Antarctic Thesaurus

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penguin  pteropod


image source: Karin Beaumont
Hobart, 2003

Jack Colwell
Sydney, 2007


Karin Beaumont, Threatened Treasure

I am aware of changes in the ocean such as ocean acidification affecting the health of some species such as the sea-butterfly, or pteropod.

Karin Beaumont, 2007


The animal depicted in this sculpture (Threatened treasure), Clio pyramidata, is around 1 cm long, has a carbonate shell that houses the animal's organs, and swims with its 'foot' that resembles a tail. It is a graceful, transparent creature. I used the textile technique of weaving to simulate the faceted nature of the shell, and coloured titanium to simulate the blue of the ocean that is seen through the transparent body. This wearable sculpture is a call to protect the magnificent diversity of life in our oceans that is vital to the function of our world.

The original idea came from a Zooplankton Guide that my friend and former PhD supervisor co-authored ... it is a taxonomic guide. It also had a link with when I did my first voyage and I was doing some net hauls from the trawl deck of the Aurora Australis. The hauls were only vertical with a small net, so I did not retrieve a lot of plankton, but I did bring up a pteropod which literally means 'winged foot' but is commonly called a sea-butterfly. I did not know what the creature was at that point, but we kept it in a jar for a while and I watched its movement - they are such graceful creatures. I wish I could describe the movement to you.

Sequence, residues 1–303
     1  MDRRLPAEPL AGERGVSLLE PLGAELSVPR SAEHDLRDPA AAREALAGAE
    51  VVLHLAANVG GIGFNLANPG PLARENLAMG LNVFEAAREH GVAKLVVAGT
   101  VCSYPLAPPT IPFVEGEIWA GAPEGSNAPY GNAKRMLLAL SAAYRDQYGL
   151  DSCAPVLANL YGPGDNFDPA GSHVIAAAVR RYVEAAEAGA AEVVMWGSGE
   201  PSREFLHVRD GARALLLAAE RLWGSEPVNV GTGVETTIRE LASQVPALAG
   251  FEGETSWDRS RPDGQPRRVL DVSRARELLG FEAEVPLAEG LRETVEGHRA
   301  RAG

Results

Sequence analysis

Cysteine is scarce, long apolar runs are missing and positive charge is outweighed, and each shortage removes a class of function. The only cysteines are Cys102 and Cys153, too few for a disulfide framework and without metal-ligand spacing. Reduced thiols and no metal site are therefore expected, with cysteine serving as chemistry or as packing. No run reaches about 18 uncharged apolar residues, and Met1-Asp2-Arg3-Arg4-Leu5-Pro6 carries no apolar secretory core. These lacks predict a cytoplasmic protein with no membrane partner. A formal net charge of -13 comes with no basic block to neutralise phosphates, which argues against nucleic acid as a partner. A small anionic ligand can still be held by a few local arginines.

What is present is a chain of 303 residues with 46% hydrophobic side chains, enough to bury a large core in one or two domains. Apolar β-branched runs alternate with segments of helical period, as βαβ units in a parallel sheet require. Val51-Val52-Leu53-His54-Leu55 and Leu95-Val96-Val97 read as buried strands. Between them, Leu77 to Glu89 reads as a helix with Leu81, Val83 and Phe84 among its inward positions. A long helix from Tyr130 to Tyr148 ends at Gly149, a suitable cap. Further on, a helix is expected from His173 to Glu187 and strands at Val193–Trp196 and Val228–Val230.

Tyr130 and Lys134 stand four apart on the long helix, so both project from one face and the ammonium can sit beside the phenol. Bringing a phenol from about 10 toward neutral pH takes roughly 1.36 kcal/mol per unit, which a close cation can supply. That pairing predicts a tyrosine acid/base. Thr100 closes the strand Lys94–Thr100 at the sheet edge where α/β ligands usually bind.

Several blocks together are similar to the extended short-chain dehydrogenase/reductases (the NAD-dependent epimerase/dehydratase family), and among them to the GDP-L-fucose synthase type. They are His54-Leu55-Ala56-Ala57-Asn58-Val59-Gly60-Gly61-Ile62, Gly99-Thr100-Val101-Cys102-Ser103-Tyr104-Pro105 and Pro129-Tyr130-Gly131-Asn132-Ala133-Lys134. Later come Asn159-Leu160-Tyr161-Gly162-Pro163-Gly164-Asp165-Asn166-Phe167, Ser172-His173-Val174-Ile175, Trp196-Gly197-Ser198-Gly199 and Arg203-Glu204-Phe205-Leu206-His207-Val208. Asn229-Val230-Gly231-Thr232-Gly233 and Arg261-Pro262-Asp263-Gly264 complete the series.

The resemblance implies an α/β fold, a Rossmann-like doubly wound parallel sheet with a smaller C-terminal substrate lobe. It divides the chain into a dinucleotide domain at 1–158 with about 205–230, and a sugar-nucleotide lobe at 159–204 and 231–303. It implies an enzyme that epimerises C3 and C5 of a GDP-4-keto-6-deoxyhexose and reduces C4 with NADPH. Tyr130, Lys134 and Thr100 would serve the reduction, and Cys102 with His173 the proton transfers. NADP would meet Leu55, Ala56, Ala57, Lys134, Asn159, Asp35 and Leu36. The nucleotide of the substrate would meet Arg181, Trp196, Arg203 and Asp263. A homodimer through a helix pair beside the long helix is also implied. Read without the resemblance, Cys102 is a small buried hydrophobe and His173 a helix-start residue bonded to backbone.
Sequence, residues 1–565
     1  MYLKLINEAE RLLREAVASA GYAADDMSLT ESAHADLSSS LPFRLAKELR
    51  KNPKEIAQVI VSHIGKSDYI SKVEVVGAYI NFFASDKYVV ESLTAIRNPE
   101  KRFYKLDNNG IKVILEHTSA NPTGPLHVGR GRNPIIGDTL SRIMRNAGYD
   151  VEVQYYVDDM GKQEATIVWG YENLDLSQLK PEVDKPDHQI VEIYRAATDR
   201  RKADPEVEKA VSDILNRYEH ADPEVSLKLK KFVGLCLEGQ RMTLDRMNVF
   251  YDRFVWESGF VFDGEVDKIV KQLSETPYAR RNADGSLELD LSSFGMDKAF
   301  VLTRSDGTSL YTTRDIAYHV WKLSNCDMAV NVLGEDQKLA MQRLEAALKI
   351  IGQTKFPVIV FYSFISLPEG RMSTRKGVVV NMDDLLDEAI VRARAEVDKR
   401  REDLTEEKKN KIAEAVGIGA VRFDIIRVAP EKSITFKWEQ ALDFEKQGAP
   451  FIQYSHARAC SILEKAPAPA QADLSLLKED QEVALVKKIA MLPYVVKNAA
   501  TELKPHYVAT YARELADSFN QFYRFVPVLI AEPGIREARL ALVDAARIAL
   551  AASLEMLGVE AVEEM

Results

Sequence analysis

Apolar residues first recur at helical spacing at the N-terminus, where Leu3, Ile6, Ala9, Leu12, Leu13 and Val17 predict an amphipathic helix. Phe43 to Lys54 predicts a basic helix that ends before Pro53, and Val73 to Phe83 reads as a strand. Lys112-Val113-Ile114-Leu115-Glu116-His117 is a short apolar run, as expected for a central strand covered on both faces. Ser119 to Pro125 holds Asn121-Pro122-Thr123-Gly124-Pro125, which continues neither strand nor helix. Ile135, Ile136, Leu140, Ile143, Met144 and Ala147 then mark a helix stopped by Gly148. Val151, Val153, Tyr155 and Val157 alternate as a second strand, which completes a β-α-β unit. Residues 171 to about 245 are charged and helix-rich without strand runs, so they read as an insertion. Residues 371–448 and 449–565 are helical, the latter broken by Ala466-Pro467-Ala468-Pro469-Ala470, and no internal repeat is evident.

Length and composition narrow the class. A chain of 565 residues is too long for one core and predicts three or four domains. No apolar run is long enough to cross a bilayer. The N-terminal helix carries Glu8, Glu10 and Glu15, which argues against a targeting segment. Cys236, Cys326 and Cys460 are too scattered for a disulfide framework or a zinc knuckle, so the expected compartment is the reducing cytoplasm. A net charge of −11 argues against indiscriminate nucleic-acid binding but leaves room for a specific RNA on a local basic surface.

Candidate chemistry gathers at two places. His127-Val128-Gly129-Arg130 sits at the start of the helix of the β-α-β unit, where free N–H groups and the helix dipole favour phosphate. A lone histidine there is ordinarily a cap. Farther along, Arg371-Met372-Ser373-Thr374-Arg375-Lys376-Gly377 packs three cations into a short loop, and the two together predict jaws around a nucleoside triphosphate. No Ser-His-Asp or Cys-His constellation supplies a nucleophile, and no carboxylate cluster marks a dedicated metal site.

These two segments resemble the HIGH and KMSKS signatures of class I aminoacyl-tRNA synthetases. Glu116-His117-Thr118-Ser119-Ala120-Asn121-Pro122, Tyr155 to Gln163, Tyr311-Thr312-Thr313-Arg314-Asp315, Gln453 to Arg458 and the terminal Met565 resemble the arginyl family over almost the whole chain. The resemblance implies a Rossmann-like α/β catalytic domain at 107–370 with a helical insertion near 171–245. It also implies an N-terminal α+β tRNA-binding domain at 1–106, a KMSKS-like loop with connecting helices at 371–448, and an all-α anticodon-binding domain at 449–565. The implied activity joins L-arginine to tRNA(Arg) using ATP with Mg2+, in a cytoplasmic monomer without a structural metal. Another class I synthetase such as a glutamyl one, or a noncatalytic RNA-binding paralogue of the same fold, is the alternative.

Karin Beaumont, 2006


Pteropod literally means 'winged foot', but is commonly called a sea-butterfly.

The Sea butterfly is under threat from excess carbon dioxide in our atmosphere. This gas, when dissolved in sea-water, forms an acid that can eat away the animal's shell. This is also true for other marine life that has carbonate scales or shells. These tiny animals play a critical role in keeping our climate stable by aiding the burial of greenhouse gases from our air to the deep-sea.

Karin Beaumont, 2004